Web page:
People usually think of archeological monuments when they think of Egypt, but the Egyptian deserts include paleontological sites of world importance as well:
Wadi Al-Hitan, Whale Valley, in the Western Desert of Egypt, contains invaluable fossil remains of the earliest, and now extinct, suborder of whales, Archaeoceti. These fossils represent one of the major stories of evolution: the emergence of the whale as an ocean-going mammal from a previous life as a land-based animal. This is the most important site in the world for the demonstration of this stage of evolution. It portrays vividly the form and life of these whales during their transition. The number, concentration, and quality of such fossils here is unique, as is their accessibility and setting in an attractive and protected landscape. The fossils of Al-Hitan show the youngest archaeocetes, in the last stages of losing their hind limbs. Other fossil material in the site makes it possible to reconstruct the surrounding environmental and ecological conditions of the time. (World Heritage Centre #1186)
You can find a gallery of additional photos of Wadi al-Hitan on the World Heritage Centre’s website.
World Heritage Sites are cultural or natural landmarks of international significance, selected for recognition by the United Nations Educational, Scientific, and Cultural Organization. More than 1000 such sites have been recognized in over 160 countries, and we feature one every Wednesday, drawn from one of our homeschool countries-of-the-week. You can find a complete list of World Heritage Sites online at the World Heritage Centre and in Wikipedia.
The World Heritage Centre also has a free and comprehensive World Heritage education kit for teachers, as well as a wonderful full-color wall map of World Heritage Sites, available for the cost of shipping. Why not add them both to your own homeschool library. 🗺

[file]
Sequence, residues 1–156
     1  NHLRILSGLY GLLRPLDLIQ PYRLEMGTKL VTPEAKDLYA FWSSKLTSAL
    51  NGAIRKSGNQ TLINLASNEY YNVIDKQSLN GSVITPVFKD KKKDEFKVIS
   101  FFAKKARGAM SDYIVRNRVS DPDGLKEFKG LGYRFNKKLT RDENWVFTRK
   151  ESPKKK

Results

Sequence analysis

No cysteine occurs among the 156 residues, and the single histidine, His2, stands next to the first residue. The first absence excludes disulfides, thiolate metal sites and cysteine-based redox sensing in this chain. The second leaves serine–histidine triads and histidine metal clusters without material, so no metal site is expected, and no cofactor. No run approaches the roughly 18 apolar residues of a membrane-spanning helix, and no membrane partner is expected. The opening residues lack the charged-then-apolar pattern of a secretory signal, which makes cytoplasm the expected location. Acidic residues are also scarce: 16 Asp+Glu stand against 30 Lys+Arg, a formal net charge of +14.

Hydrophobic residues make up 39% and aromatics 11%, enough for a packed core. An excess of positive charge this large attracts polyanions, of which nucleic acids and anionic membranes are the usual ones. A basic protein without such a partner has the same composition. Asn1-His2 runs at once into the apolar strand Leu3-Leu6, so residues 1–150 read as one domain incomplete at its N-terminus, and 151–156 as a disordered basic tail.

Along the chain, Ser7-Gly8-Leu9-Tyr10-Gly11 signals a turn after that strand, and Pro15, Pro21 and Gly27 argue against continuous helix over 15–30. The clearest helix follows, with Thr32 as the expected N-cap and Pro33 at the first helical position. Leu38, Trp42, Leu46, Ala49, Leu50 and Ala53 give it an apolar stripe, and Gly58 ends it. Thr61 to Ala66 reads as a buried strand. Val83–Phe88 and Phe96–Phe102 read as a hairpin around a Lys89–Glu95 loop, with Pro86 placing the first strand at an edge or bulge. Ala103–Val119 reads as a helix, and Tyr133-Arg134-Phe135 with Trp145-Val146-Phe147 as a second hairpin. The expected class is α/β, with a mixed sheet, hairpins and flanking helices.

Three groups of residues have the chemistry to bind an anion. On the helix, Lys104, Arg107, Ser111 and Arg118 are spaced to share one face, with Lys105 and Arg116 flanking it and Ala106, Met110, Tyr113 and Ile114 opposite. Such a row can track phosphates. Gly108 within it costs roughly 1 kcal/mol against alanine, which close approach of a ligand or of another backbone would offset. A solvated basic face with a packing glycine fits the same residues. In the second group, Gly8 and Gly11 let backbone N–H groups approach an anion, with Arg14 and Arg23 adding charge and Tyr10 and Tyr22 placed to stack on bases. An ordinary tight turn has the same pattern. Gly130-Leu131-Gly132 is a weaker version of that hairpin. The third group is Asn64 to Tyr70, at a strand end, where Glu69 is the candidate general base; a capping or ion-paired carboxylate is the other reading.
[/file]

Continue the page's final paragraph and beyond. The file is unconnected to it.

What world treasures have you explored in your homeschool this Cygnus Term? 😊
❡ The great globe itself: This is one of our regular Homeschool States & Countries posts featuring cultural and natural sites of international importance. Download a copy of our River Houses World Heritage Calendar and follow along with us as we tour the planet, and add your name to our weekly mailing list to get great homeschool teaching ideas delivered right to your mailbox all through the year. 🌎 🌍 🌏
❡ This is a printable lesson: Down at the bottom of this post you’ll find a custom “Print” button and icon, along with several social-media share buttons. The Print button will let you create a neat and easy-to-read copy of this little lesson, and it will even let you resize or delete elements that you may not want or need (such as images or footnotes). Give it a try today! 🖨
❡ Books in the running brooks: You can always turn to your River Houses almanac, atlas, and history encyclopedia for more information about any of our countries-of-the-week. The almanac has profiles of all the nations of the world on pages 752–859; the endpapers of the atlas are indexes that will show you where all of the individual national and regional maps may be found; the history encyclopedia includes national histories on pages 489–599; and you can find additional illustrations, flags, and other mentions through the indexes in each of these volumes. For an ideal little lesson, just write the name of the Weekly World Heritage Site on your homeschool bulletin board, find its location in your atlas, read the WHC’s brief description aloud, look at a picture or two, and you’re done. Over the course of the year, without even realizing it, your students will absorb a wealth of new historical, geographical, and cultural information. 🇪🇬
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